My PDA, Myself

By: Donna Schwartz Mills

I used to be one of those people who kept everything in
their head. I prided myself on my ability to memorize phone
numbers and birthdays, and knew my schedule without writing
anything in a calendar.

Then I became a mom.

I am now one of the most forgetful people on the planet. I
don't know if it's due to the fact that I am no longer
responsible for just myself (keeping track of my schedule,
my daughter's schedule, the school's schedule, the play
dates, the after school lessons and more)... or if I lost
brain cells during pregnancy ... but my short term memory has
turned to mush. These days, I need to write everything
down... more than ever, now that I have a business of my

I made but one resolution last year: To do a better job of
tracking my family's schedule and recording my business
expenses. I started out great - I bought a spanking new
organizer with custom pages and pouches for receipts, stamps
and business cards. I kept a schedule for me and my family,
wrote down all my mileage (a must for tax purposes!) and
tracked my biz expenses...

...for about two months. The book was too big to fit in my
bag, it was heavy to carry - and I began leaving it at home
more often than not, which kind of defeated the purpose of
having an organizer at all. Then, I lost it and all the
information it contained.

So I bought another one. This time, I decided to go the
deluxe route. I headed to my local Franklin Covey store and
purchased a beautiful butternut leather book and pretty
organizer pages, which included Stephen Covey's system on
becoming more effective. The whole package cost me about
$100 - I figured if I invested this much into it, I would be
less apt to lose it.

I started writing down goals and tracking all of my business
tasks, and was feeling quite on top of things...

...for about two months. Once again, the biggest obstacle to
using the system was that it was too bulky and heavy to
carry with me everywhere.

I looked with envy at friends who
had invested in electronic PDA (Personal Digital Assistant)
organizers - small, light-weight devices that sync up with
your computer and fit easily into a purse. That, I thought,
would be a solution - if only they were not so expensive.

Well, PDA's are not so expensive any longer. With the
entry-level Palm model retailing at just $99, and Handspring
Visors available at similar cost, almost everyone can afford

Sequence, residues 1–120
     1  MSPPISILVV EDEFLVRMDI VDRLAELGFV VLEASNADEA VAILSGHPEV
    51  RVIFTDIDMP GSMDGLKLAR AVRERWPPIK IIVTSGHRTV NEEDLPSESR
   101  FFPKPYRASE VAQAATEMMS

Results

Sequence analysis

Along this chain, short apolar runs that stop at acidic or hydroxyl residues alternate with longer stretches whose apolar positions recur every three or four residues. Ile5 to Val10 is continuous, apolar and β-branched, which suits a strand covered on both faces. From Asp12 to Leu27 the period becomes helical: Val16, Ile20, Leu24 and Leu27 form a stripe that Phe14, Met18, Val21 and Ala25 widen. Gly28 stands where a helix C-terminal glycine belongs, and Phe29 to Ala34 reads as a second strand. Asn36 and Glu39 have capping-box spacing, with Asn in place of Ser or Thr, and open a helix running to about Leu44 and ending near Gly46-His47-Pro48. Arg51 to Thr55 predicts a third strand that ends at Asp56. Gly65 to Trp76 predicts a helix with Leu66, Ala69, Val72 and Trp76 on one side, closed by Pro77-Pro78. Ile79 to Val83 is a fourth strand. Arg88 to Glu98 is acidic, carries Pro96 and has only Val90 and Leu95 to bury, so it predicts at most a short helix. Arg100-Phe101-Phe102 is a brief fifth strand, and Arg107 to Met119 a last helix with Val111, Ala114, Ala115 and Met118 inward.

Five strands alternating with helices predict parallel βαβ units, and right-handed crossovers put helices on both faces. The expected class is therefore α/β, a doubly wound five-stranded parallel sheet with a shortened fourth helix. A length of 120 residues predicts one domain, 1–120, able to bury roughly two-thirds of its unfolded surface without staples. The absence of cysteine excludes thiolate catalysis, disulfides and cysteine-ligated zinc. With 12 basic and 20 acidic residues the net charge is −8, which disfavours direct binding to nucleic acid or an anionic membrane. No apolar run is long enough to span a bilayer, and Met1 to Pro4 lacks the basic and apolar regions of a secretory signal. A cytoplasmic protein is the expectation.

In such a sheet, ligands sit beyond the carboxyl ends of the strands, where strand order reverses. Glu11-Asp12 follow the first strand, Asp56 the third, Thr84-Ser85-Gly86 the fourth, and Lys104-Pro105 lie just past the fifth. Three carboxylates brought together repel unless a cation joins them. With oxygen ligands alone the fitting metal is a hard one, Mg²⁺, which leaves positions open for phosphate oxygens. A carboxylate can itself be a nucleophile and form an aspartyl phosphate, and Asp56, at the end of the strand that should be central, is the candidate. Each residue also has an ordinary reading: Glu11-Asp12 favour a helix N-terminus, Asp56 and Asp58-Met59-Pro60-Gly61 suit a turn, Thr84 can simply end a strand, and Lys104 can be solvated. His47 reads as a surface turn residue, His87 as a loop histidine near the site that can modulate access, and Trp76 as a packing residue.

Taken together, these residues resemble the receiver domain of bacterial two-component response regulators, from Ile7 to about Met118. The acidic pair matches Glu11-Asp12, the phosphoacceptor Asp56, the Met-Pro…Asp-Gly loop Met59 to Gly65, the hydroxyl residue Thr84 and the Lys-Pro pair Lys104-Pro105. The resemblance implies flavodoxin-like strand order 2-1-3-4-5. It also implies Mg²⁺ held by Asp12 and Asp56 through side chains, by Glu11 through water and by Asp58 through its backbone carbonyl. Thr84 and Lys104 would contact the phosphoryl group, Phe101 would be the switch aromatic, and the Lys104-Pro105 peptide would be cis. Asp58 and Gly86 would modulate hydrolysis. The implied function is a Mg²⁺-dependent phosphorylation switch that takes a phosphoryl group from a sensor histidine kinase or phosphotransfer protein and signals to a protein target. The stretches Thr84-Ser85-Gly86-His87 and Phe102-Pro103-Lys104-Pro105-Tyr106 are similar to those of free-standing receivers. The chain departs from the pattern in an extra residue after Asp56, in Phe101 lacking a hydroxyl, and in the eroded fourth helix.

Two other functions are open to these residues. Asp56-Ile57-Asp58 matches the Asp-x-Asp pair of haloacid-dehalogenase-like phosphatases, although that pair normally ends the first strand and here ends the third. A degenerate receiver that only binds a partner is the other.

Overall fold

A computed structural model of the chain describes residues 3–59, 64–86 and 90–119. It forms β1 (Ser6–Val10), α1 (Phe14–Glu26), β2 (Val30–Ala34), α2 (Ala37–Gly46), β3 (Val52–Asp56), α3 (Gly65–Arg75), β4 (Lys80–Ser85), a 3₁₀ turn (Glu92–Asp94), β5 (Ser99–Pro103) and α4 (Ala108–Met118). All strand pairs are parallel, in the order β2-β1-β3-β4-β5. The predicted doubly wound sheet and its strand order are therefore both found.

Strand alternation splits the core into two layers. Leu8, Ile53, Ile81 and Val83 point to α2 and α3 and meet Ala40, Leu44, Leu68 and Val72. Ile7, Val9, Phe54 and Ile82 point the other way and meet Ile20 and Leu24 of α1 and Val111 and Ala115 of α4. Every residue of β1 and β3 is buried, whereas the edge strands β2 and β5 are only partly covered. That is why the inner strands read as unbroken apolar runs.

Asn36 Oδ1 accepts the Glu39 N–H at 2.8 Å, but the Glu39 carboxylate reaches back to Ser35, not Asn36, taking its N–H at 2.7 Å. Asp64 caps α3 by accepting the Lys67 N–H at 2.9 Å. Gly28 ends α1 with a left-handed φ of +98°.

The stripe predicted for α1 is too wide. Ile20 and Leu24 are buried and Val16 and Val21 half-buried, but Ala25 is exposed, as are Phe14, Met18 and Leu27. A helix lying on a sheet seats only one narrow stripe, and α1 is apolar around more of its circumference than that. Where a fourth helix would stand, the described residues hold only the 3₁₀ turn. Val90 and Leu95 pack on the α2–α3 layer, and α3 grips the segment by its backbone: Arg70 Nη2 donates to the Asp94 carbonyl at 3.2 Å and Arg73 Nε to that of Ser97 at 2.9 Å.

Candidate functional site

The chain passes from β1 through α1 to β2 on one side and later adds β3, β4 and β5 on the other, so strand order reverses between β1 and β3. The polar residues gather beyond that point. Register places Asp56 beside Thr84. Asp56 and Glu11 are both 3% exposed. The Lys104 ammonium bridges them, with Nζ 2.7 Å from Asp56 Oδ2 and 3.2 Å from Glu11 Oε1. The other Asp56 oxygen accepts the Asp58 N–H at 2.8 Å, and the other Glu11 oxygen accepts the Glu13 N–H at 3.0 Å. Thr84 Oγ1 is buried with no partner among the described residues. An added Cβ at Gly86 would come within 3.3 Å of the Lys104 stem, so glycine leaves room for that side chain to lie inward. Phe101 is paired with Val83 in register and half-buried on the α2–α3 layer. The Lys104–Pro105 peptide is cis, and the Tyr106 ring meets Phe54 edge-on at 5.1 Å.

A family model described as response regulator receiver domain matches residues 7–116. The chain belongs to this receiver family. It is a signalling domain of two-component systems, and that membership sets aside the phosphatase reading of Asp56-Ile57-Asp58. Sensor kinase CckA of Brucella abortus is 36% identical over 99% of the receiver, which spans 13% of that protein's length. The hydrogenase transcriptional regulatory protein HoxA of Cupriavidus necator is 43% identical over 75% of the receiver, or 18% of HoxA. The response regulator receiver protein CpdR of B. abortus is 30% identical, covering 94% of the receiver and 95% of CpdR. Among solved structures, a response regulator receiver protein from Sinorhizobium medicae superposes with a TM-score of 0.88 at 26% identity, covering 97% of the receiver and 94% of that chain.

to carry one now.

What to Look for in a PDA

There is a dizzying array of PDA models with various
features, so deciding which one you buy can be a confusing
process. Since a PDA is really just a small, hand-held
computer, your buying decision should be based on some of
the same considerations you make when purchasing a desktop

1. RAM
2. Speed
3. Expandability
4. Price

There are two major competing operating systems in the PDA
world. The most popular uses the system developed by Palm -
these include the Handspring Visor, the Sony Clie and of
course, the Palm Pilot. The other major OS is called
PocketPC - this is a Windows-based environment developed by
Microsoft to compete with Palm. It is somewhat easier to
exchange information between PocketPC handhelds and Windows
based software - but at a price. PocketPC requires more
system resources - the popular Compaq iPaq H3650 features
a minimum of 32 MB of RAM, which makes these devices slightly
heavier and more expensive than the ones that run the Palm

The folks at ZDNet have created a guide to help you decide
which PDA models are best for you. While you're there, you
can view a list of the most popular models and user reviews
and even shop online for the best prices:,4161,2581305,00.html

Using Your New PDA

All PDA models come bundled with the two most important
organizing functions: Address book and Calendar. If you use
Microsoft Outlook on your desktop computer, you can import
all of your current entries with ease via your new
handheld's syncing function.

Creating new entries is also a cinch. You have the option of
tapping an on-screen keyboard with your stylus or "writing"
the text using your device's built-in handwriting function
(called "Graffiti" on Palm based systems). Graffiti takes a
little bit of getting used to, but it's pretty easy to
master. Most users tend to fluctuate between the two entry

There are thousands of third-party software programs that
you can download into your new PDA - many of them are free.
My personal favorite is AvantGo, which allows me to carry
the movie listings from every theater in my local area.
These update automatically whenever I sync my handheld to
my desktop.

Each of the major PDA manufacturers carries software links.
You'll also find much to choose from at these sites:

Bear in mind that you are limited by the amount of RAM
included in your device. If you find yourself running out,
you should look into adding a new memory module.

Technology writer Mark Kellner offers the following advice
on getting along with your new PDA:

1. Synchronize and backup at least once per day.
2. Watch your batteries. The more inexpensive models tend to
use AAA-sized batteries - make sure you have a steady
3. Protect your device with a case. Chances are, your new
PDA came with a catalog of third party vendors offering a
wide variety of products. Check them out.
4. Get a screen protector. These are thin sheets of plastic
that use static to adhere to the screen.

I received my new Handspring Visor as a Christmas gift and I
love it. Because it fits right into my handbag without
adding much weight, it is as constant a companion as my
wallet and cellular phone. I'm trying out some expense
tracking and vehicle expense softwareArticle Submission, as well as a diet and
exercise log and feel good about my prospects of meeting
this year's resolutions... I'll let you know in a couple of


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